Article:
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Transitional Justice in Post-Dictatorship South American Film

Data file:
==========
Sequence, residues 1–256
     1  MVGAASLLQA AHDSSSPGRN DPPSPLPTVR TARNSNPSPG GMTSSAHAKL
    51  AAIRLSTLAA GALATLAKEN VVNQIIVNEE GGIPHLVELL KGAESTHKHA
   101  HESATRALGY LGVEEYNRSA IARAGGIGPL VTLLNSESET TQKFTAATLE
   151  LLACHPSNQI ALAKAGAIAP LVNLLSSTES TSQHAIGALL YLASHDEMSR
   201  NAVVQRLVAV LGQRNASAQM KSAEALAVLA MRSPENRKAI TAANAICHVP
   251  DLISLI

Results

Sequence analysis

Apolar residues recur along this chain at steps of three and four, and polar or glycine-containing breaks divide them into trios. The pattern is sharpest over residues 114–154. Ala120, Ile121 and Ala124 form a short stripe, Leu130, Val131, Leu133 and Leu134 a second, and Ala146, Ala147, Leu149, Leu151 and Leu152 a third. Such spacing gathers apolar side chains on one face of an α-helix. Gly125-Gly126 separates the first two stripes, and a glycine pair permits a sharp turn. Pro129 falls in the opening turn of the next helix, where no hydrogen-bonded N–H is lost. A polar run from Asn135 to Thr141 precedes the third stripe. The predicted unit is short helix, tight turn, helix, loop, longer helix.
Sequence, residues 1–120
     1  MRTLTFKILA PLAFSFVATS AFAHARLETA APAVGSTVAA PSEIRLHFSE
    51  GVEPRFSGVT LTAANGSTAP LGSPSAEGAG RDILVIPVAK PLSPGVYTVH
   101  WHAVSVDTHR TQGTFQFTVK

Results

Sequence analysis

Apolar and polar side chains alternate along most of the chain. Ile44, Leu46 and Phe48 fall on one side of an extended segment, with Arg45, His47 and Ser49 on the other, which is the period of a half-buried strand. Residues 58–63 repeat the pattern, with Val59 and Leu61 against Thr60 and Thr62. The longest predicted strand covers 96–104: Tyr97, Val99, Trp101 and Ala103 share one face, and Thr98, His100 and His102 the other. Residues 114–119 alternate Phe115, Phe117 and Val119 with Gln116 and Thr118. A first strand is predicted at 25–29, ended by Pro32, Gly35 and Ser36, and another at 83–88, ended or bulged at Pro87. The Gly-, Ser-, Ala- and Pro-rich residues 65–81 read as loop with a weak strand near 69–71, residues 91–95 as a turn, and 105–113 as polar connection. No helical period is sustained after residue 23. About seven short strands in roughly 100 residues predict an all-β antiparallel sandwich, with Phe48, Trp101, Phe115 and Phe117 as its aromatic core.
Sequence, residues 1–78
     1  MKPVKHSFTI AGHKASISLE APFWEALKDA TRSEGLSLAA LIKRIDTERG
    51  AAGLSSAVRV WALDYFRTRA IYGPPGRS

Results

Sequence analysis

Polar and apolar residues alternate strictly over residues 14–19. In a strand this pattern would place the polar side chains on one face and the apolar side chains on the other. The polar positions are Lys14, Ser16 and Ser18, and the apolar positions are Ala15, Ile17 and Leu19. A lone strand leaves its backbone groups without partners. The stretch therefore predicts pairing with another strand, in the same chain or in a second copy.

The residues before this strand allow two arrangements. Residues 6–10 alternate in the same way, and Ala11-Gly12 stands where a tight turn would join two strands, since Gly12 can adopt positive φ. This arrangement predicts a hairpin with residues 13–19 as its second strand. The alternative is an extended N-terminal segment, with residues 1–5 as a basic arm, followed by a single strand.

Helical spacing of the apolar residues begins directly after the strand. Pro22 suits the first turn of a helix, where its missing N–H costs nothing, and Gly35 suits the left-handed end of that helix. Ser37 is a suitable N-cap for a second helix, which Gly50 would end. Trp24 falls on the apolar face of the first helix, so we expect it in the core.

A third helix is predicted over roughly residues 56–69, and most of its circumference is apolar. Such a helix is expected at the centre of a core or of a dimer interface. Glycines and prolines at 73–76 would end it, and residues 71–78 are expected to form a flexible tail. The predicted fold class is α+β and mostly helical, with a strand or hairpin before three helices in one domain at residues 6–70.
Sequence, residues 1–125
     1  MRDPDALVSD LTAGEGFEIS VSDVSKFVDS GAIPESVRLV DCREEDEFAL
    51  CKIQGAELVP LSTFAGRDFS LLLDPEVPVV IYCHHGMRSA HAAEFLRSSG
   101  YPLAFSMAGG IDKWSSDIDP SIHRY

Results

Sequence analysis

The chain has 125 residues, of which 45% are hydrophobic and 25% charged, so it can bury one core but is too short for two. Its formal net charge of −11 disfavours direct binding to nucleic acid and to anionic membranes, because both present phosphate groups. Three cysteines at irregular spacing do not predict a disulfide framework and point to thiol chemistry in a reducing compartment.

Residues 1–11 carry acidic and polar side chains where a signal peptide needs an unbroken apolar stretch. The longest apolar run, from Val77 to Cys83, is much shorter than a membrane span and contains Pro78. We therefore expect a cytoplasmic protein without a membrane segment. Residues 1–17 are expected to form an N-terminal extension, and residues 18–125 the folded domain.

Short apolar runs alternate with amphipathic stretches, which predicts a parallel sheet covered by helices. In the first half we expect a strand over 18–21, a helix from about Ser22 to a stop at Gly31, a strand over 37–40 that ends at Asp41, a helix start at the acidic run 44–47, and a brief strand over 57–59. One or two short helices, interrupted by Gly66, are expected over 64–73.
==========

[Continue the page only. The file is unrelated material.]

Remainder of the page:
This dissertation considers theory from the field of Memory Studies to compare the relationships between transitional justice, cultural production, and discourses on state terror and human rights. The most recent civic-military dictatorships in Brazil (1964-1985), Uruguay (1973-1985), and Argentina (1976-1983) remain unresolved histories in the collective imaginaries of each country. The fields of literary and media studies often point to the cultural production that represents this period as contributing to the construction of memory, and, therefore, against impending oblivion. My dissertation moves beyond the binary logic of remembrance and oblivion to analyze the ways in which cultural production shapes our understanding of the dictatorships and their aftermath. Chapter 1, “The Survivor on Screen: Film in Post-dictatorship Brazil,” focuses on the films Que bom te ver viva (L�cia Murat, 1989), A��o entre amigos (Beto Brant, 1998), and Hoje (Tata Amaral, 2011) to understand the extent to which they reinforce or reject the notion that the only people affected by the dictatorship were the militants who took up arms against the regime. Chapter 2, “Unfinished Stories: Film in Post-Dictatorship Uruguay,” analyzes the films Zanahoria (Enrique Buchichio, 2014), Matar a todos (Esteban Schroeder, 2007), and Secretos de lucha (Maiana Bidegain, 2007), which all depict the past as unresolved. Each of these films has an inconclusive ending, implying that Uruguayan transitional justice is yet to come. Chapter 3, “Towards Inclusive Victimhood and Memory: Post-dictatorship Film in Argentina,” analyzes Cautiva (Gast�n Biraben, 2003), Los Rubios (Albertina Carri, 2003), and Buenos Aires Viceversa (Alejandro Agresti, 1996) as examples of works that challenge the canonized memories of the dictatorship as well as the widely accepted notions of victimhood, pushing for the consideration of traditionally excluded subjectivities. This chapter addresses the intergenerational struggle over memory and the victims of economic crises in the post-dictatorship. This dissertation investigates the impact that political and legal frameworks have on filmmaking, on storytelling, and on how the past is remembered, contributing to research on the intersection between memory studies, transitional justice, and the cultural field.

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